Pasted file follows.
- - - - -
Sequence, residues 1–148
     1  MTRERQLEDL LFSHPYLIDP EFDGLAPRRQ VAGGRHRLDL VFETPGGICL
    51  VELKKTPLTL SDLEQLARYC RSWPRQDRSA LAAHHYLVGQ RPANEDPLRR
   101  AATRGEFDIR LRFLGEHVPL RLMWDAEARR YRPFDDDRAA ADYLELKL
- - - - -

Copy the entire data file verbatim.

Sequence, residues 1–148
     1  MTRERQLEDL LFSHPYLIDP EFDGLAPRRQ VAGGRHRLDL VFETPGGICL
    51  VELKKTPLTL SDLEQLARYC RSWPRQDRSA LAAHHYLVGQ RPANEDPLRR
   101  AATRGEFDIR LRFLGEHVPL RLMWDAEARR YRPFDDDRAA ADYLELKL